Tim Kawakami of the Mercury News weighs in a long discussion of the Warriors, including steps they can take from here. First and foremost though, the first step is acknowledging that in Jackson, they’ve got themselves a problem:
To the surprise of precisely nobody in the universe except Warriors management–that’d be bumbling Robert Rowell, Don Nelson and Larry Riley (and their shills)–Stephen Jackson is acting up.
Holy Toledo, who could’ve predicted that! (Except everybody in the NBA, for about a year now.) Gotta love the Warriors, always about 4 steps behind everybody else.
For weeks, the Warriors pretended it didn’t matter that Jackson very publicly and very strongly wants to be traded. For weeks, the Warriors tried to persuade the outside world that Capt. Jack would be no problem, no problem at all in the locker room or on the court, despite his words. […]
After all the silly, flattering lies they’ve told themselves and half-truths and ridiculous fables of franchise reconstruction, the Warriors might have to start facing a series of hard truths, and maybe this is a big Step One:
Admit you have a problem.
Meanwhile, Yahoo! Sports’ Marc Spears sheds some more light on the suspension:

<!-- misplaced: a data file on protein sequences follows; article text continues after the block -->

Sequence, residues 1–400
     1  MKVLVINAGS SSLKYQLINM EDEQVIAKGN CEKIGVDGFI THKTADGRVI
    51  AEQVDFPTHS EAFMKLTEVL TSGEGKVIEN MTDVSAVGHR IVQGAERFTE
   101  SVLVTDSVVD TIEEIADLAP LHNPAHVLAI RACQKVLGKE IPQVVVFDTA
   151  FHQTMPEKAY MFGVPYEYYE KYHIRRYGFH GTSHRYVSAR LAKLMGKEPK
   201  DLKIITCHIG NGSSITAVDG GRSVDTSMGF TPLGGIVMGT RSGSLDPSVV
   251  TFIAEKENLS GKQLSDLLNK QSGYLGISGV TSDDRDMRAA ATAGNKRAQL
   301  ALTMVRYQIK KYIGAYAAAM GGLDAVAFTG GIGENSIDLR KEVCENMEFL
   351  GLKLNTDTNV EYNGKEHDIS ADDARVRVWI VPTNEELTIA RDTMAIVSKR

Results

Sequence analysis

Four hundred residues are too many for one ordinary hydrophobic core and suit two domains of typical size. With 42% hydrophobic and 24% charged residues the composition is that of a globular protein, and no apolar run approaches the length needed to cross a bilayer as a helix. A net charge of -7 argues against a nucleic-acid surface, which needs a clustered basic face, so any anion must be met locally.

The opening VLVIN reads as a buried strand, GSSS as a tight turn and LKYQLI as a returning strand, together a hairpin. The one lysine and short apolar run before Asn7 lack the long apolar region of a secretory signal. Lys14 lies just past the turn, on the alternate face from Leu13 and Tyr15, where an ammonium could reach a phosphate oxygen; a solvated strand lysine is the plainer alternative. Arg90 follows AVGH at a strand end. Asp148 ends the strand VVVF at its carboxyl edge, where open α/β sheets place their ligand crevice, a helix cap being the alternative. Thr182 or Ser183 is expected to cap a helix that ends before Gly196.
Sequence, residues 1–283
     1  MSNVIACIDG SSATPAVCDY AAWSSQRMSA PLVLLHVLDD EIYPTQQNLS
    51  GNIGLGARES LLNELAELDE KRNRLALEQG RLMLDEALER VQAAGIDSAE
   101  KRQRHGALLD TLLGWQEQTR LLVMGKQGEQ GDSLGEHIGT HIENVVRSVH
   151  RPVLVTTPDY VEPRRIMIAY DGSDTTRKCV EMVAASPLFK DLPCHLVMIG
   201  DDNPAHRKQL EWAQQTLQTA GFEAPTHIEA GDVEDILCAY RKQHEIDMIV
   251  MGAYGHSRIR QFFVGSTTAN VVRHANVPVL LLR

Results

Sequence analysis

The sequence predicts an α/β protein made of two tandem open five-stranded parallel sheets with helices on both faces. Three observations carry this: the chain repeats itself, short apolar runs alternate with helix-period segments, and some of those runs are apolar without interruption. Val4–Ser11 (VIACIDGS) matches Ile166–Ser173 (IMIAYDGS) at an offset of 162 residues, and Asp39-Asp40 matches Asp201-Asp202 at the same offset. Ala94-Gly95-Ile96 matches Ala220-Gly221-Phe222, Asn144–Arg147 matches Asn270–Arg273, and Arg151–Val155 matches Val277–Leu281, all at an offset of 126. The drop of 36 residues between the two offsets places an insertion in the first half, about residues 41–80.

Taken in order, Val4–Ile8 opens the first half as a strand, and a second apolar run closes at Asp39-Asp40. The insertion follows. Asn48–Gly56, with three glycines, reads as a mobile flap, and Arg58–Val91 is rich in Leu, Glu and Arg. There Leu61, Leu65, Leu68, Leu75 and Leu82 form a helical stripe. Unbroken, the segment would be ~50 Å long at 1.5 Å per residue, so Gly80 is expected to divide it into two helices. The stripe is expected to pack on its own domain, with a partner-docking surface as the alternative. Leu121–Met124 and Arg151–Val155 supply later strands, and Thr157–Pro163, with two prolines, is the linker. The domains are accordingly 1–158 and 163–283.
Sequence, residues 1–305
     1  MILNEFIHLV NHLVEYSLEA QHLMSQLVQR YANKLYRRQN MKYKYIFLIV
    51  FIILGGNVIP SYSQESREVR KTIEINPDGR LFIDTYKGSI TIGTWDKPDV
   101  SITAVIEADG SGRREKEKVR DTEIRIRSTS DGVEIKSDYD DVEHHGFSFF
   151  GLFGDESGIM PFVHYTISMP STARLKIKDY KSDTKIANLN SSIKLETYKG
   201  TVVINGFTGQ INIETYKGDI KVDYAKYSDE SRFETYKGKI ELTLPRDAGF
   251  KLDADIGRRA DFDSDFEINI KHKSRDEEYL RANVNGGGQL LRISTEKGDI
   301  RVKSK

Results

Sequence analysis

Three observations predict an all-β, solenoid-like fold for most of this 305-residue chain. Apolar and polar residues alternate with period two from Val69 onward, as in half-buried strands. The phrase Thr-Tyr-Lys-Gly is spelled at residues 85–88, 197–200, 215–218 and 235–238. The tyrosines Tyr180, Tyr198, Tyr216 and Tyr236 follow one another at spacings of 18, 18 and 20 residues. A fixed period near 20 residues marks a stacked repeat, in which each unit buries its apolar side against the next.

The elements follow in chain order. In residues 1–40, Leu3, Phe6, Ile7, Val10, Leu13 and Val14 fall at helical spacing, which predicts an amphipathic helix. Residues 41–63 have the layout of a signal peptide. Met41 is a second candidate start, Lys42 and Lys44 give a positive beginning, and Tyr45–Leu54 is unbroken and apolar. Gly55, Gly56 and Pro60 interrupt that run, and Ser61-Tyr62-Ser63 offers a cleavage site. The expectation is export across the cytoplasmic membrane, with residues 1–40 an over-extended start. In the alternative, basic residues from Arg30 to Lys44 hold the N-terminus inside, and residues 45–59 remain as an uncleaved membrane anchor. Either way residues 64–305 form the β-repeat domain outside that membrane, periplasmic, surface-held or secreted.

The Golden State Warriors suspended disgruntled forward Stephen Jackson(notes) on Saturday for two games after he cursed at coach Don Nelson during a preseason game the previous night, two NBA sources said. […]
Jackson’s confrontation with Nelson came after he committed five fouls and a technical in less than 10 minutes of the Warriors’ victory over the Los Angeles Lakers on Friday. In addition to yelling at an official, Jackson also became agitated after exchanging words with Lakers guard Kobe Bryant(notes), a source said. […]
The Warriors gave Jackson a three-year extension worth $28 million last season. Including this season, he has four years and about $35 million left on his contract, making him difficult, but not impossible, to trade.
And that’s true; his $35 million dollar extension doesn’t make him impossible to trade. But, of the trade demand, he said this at the Warriors’ media day:
“I don’t have a single regret about anything I’ve ever done. I don’t have a regret about going into the stands with Ron Artest, because that was the way it was supposed to be handled.”
And that, my friends is why he’s impossible to trade.